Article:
Results of a Major Writing Survey Show Most Students in Canada Meeting Expectations


Toronto, May 27, 2003 -- A major national writing test shows that most students tested are writing at or above the levels expected.

The test results were released today in Toronto by the Council of Ministers of Education, Canada (CMEC) as part of the School Achievement Indicators Program (SAIP). The ministers of education, who are responsible for the design of the program, receive a financial contribution from Human Resources Development Canada.

"Along with the other assessments that we are doing, nationally and internationally, this test helps us as ministers to be accountable to our citizens and we take accountability very seriously," said the Honourable Dianne Cunningham, Chair of CMEC and Ontario's Minister of Training, Colleges and Universities.

The assessment was administered in 2002 to approximately 24,000 students in all provinces and territories, except Nunavut. Performance is reported on a five-point scale, with one being the lowest and five the highest.

Some major findings:

  1. More than 80% of 13-year-olds reached level 2 and above. According to the test designers, level 2 is the level that most 13-year-olds should reach. Over 40% reached level 3 and above.
  2. Over 60% of 16-year-olds reached level 3 or above. Level 3 is the level most 16-year-olds should reach, according to test designers.
  3. Significantly more girls in both age groups performed at higher levels than boys. This gender gap is consistent with current trends in Language Arts assessment as confirmed in the Programme for International Student Assessment (PISA) 2000 reading assessment.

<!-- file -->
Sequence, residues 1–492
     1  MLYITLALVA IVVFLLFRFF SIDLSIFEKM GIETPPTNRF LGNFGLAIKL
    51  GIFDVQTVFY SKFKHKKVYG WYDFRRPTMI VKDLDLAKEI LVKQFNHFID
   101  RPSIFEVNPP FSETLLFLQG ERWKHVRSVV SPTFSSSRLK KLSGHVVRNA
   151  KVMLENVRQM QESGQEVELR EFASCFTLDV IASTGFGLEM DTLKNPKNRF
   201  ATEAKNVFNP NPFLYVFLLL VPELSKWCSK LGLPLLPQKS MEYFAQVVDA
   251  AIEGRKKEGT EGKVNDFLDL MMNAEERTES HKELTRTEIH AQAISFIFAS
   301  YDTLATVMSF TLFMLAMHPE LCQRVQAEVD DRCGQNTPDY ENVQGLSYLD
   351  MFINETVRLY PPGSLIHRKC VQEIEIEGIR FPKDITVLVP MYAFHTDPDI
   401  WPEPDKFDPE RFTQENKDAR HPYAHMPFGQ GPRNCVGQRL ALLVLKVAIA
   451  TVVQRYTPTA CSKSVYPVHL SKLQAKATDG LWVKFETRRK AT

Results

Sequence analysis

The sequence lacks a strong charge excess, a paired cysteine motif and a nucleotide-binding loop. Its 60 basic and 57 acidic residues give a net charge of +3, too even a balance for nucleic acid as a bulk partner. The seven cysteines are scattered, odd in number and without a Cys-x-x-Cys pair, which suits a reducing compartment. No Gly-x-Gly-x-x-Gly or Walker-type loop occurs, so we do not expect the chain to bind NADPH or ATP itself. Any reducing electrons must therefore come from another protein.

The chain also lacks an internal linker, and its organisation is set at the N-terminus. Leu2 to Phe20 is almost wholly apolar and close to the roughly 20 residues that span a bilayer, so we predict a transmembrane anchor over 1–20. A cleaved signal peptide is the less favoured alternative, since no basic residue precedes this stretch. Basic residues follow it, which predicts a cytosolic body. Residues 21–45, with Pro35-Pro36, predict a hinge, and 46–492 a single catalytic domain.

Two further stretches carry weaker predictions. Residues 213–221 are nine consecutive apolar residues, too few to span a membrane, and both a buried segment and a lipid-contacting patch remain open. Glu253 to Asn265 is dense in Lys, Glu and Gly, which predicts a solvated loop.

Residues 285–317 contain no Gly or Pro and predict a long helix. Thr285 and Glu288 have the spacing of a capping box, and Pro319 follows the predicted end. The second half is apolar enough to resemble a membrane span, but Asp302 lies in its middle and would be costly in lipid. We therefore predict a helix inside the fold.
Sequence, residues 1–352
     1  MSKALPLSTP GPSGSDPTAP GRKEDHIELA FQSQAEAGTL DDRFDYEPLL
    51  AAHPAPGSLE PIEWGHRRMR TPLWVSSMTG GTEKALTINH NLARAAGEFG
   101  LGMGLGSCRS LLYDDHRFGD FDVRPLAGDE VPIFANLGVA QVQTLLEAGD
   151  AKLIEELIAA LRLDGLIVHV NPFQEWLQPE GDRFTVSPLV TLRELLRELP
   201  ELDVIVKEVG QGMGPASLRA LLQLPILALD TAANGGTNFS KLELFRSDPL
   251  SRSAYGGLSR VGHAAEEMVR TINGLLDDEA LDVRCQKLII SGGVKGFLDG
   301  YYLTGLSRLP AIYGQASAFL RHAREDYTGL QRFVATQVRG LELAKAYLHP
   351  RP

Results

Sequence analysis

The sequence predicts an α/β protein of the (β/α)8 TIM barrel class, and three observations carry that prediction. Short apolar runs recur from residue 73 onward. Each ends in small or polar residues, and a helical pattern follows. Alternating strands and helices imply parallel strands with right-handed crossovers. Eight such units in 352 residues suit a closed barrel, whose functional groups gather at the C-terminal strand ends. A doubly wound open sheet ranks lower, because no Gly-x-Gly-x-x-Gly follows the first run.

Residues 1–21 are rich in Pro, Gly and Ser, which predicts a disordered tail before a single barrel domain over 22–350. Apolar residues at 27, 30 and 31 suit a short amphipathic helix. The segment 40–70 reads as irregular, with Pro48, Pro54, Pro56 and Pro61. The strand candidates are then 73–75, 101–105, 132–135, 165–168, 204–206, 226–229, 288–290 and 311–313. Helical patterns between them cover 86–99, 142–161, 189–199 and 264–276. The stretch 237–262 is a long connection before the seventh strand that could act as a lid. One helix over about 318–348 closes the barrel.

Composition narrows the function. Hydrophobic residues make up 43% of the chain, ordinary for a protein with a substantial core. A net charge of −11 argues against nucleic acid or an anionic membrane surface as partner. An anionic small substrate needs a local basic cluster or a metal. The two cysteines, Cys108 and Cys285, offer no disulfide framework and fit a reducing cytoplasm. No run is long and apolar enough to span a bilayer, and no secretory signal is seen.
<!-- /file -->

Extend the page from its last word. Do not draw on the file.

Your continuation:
4. Among francophones, students in Quebec outperformed francophone students in minority-language settings for both age groups.


CMEC also released a companion document today entitled Student Writing: The Canadian Context. This document provides information about the context in which writing education takes place in Canada's education systems. The context information was collected through questionnaires completed by students, teachers, and school principals.

Some examples of information provided in the context document:

  • In most provinces and territories, 16-year-olds are taught writing by teachers who have specialized degrees in language.
  • Most students feel that writing is important for their future studies.
  • For most provinces and territories, three out of four students expect to attend university or college after their secondary education.
  • On average, fewer that 50% of students read one hour or more per week for enjoyment. Television watching is at an average of fifteen hours per week.
  • Approximately 80% of Canadian students have access to the Internet. About half the students use a computer at home one hour or more per week for school work and three hours or more per week for entertainment.


"This data will help provinces and territories when they consider policy alternatives in education, and will provide researchers with valuable contextual information about Canada's provincial and territorial systems," said Minister Cunningham.

CMEC is an intergovernmental body composed of the ministers responsible for elementary-secondary and advanced education from the provinces and territories. Through CMEC, ministers share information and undertake projects in areas of mutual interest and concern.

- 30 -

Tel.: (416) 962-8100, ext. 241
Web site: